Posts Tagged: oil
A pair of pumpjacks at work in Kern County. (Photo: Christopher Halloran, via Shutterstock)
OPINION: As Gov. Newsom addressed California residents in the annual State of the State, he seemed to skirt some big issues plaguing the state, but he didn’t miss the opportunity to double down on his recent and harmful energy policies restricting California energy production.
A pumpjack in California's San Joaquin Valley. (Photo: Mark Geistweite, via Shutterstock)
The Trump administration is to opening up 1.2 million acres for oil and gas drilling across California from the Central Valley to the coast, targeting eight counties — Fresno, Kern, Kings, Madera, San Luis Obisbo, Santa Barbara, Tulare, and Ventura.T he plan follows an earlier move by the federal Bureau of Land Management to issue leases for oil and gas drilling on roughly 800,000 acres in 11 counties.
The silhouette of a pmpjack at sunset. The jacks can remove five to 40 liters of crude oil wuith each stroke. (Photo: Ronnie Chua, via Shutterstock)
Once again, the stage is being set for a multi-pronged battle in California between environmentalists and the Trump administration. On May 9, the federal government announced plans to open 725,500 acres of public lands on California’s Central Coast and the Bay Area to new oil and gas drilling.
A tanker passes by two oil exploration rigs off the coast of Huntington Beach. (Photo: Ana Phelps)
The rubber is hitting the road, the gloves are coming off and California leaders are suiting up for battle. At least, figuratively. When the Trump Administration announced that it would commence offshore oil drilling across all national waters — including six locations in California — federal agencies struck against decades of bipartisan environmental policy in California.
Smokestacks on a geothermal power plant near the Salton Sea in Southern California's Imperial Valley.(Photo: Tom Grundy, via Shutterstock)
OPINION: Over 35 years ago, I came to pick up my fifth and third grade sons from school and found them making “Santa beards” out of the foaming toxic waste that flooded their playground. Later that night, I watched my youngest have a seizure at the dinner table as a result. Ever since, my Inland Valley community and I have been fighting for our right to live and breathe without getting sick.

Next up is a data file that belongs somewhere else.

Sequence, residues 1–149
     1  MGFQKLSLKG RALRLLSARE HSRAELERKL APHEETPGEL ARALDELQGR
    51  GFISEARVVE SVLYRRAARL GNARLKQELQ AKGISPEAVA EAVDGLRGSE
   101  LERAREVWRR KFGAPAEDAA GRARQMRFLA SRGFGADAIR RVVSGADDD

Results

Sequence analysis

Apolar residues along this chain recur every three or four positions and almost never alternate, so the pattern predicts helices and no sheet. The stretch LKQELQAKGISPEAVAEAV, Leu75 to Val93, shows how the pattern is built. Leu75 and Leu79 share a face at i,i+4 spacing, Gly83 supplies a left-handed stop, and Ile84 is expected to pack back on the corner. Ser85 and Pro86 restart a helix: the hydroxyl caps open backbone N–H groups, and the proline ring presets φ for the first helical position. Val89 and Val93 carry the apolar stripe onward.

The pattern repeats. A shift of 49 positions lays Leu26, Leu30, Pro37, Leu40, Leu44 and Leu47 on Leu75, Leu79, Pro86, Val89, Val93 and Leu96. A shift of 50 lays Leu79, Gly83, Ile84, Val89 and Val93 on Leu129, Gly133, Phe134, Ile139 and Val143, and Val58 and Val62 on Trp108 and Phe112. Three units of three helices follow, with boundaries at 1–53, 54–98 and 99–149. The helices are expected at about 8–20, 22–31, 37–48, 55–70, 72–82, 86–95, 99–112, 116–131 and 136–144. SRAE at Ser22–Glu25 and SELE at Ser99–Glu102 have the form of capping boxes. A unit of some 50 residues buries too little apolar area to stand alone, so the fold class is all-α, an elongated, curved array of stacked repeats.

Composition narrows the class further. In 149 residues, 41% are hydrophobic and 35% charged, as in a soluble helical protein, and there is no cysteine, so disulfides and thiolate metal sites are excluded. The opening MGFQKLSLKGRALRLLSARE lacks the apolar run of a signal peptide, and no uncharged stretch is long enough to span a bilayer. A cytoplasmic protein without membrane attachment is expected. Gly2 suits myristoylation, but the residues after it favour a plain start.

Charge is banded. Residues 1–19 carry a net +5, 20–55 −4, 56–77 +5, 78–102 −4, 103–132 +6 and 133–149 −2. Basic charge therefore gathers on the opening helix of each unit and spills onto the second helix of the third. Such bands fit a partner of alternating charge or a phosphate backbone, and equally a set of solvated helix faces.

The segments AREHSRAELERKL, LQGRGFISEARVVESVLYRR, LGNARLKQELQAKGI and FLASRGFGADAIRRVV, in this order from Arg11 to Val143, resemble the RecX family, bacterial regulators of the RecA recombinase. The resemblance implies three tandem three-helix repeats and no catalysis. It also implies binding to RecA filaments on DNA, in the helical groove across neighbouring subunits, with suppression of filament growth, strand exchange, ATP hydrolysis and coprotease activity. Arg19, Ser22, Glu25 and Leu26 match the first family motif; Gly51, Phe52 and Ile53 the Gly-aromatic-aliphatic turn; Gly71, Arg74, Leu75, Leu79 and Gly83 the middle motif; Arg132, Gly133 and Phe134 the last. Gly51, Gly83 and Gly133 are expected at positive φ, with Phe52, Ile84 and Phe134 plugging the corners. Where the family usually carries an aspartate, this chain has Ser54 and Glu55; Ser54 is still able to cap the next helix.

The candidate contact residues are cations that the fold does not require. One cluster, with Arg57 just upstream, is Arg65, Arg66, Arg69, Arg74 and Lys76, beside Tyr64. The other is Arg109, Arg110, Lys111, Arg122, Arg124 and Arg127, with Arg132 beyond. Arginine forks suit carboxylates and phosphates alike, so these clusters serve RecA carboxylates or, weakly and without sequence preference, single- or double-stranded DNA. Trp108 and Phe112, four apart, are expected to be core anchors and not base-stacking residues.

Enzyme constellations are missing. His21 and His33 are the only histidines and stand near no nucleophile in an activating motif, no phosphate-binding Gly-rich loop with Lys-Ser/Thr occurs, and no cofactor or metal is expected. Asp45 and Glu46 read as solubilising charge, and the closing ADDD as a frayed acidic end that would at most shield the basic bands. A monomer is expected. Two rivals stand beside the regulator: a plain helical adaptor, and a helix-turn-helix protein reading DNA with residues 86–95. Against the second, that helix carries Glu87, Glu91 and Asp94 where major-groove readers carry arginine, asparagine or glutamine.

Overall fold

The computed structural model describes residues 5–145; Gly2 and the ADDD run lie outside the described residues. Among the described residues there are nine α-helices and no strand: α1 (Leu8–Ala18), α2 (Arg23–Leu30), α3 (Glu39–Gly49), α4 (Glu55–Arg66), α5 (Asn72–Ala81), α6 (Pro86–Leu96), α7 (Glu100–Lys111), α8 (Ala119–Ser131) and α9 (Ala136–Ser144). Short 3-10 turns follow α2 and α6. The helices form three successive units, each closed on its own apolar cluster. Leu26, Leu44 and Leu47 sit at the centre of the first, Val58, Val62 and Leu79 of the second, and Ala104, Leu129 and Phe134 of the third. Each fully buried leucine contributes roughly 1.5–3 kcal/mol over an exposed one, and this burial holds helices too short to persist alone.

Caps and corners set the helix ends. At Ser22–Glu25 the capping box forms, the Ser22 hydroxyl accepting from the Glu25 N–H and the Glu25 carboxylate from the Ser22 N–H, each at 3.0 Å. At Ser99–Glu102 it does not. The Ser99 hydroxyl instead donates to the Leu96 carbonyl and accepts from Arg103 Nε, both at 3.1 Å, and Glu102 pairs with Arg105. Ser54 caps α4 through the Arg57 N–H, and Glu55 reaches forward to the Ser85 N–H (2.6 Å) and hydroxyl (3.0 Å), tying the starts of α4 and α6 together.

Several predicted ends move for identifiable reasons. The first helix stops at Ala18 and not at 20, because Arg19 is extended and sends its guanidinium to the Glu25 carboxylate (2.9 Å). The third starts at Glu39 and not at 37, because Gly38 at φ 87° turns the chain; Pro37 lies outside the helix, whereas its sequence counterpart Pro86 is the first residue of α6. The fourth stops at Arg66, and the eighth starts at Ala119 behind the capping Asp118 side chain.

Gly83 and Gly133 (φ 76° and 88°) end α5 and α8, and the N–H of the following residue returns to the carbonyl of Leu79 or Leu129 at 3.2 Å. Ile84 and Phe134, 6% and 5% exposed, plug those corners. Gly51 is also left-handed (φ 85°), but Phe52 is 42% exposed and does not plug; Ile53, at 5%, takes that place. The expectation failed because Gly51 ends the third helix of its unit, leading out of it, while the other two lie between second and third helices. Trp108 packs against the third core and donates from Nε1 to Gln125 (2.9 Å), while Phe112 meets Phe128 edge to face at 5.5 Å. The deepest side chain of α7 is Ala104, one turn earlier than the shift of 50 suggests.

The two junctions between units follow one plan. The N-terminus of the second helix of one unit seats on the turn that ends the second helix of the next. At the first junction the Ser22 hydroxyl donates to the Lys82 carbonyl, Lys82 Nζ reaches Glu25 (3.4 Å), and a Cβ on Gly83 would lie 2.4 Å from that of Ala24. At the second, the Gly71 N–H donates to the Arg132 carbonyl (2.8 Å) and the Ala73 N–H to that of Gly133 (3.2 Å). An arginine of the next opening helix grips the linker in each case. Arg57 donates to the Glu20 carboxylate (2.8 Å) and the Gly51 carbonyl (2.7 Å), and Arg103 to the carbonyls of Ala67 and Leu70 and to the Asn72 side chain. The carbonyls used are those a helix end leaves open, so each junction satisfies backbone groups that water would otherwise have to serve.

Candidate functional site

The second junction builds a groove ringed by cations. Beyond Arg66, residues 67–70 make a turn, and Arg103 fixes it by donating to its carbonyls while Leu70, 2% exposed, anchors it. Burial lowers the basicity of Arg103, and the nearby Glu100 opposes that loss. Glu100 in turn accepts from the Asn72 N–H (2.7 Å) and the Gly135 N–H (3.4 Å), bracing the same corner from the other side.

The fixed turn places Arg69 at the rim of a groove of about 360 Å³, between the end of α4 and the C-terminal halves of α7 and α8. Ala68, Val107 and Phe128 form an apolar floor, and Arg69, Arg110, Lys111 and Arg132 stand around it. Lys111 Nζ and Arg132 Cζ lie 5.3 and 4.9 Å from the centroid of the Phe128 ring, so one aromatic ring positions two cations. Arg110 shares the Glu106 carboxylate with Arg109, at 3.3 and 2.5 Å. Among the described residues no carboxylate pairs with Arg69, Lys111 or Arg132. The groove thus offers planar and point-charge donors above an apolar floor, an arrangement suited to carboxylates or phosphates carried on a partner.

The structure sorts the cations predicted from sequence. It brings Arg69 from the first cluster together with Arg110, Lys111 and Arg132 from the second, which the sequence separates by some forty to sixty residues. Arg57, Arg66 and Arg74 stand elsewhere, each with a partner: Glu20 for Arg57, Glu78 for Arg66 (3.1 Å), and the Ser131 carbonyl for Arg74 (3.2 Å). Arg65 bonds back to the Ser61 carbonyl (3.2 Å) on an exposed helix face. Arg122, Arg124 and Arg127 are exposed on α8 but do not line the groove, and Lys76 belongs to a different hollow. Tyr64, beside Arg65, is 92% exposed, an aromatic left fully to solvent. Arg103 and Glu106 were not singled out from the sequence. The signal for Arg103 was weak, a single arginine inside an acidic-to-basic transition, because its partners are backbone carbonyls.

A smog-tinged view in black and white of Century City, Beverly Hills and West Los Angeles. (Photo: Trekandshoot, via Shutterstock)
It’s a familiar fight in the Capitol: Oil companies and their allies say jobs and Californians’ ability to get from place to place at reasonable cost are at stake, which can have a dramatic impact on lower income workers. Environmentalist say the future of the planet is what it’s all about, starting in California. Ultimately, the issue may be decided by millions of voters — not Sacramento lawmakers.
Oil rigs in a Kern County oil field. (Photo: Christopher Halloran)
OPINION: What do comedian Stephen Colbert, the Washington Post editorial board and Gov. Jerry Brown have in common? They recognize the necessity of hydraulic fracturing. In an interview on The Late Show with Colbert last November to promote his award-winning movie, Spotlight, actor and anti-fracking activist Mark Ruffalo scoffed, “What the hell. Who thought of fracking?” Without missing a beat, Colbert replied, “People who need oil. They’re called Americans.”
Pumpjacks in a Kern County oil field, November 2013. (Photo: Christopher Halloran)
OPINION: The Paris talks brought into clearer focus just how many so-called moderate Democrats who sided with the oil industry this year re out of touch with their caucus, their party and their state. This small tribe of transactional politicians, whose campaign coffers have been filled with oil company dollars for years, did the shameless bidding of Big Oil once again this year, failing to protect Californians from greater environmental harm.
As rush hour approaches, traffic on the Golden Gate Bridge. (Photo: Frontpage)
OPINION: The oil company partisans and their legislative allies apparently failed to read past the first five pages of the bill. Buried in the back pages of SB 350 is a full codification of the 2030 and 2050 climate targets that the industry thought it defeated, along with a powerful new set of directives to state energy agencies to meet those targets.
Senate Leader Kevin de Leon and Gov. Jerry Brown, left, announce scaling back SB 350. (Photo AP/Rich Pedroncelli)
To the surprise of few in the Capitol, the heart of landmark legislation to cut California’s gasoline use in half was gutted under fierce pressure from the oil industry – leaving a weakened bill and an angry Gov. Brown. An impassioned Brown said Wednesday he would push for new ways to cut climate-changing greenhouse gases during the remaining three years of his governorship, either through legislation, executive orders — or both.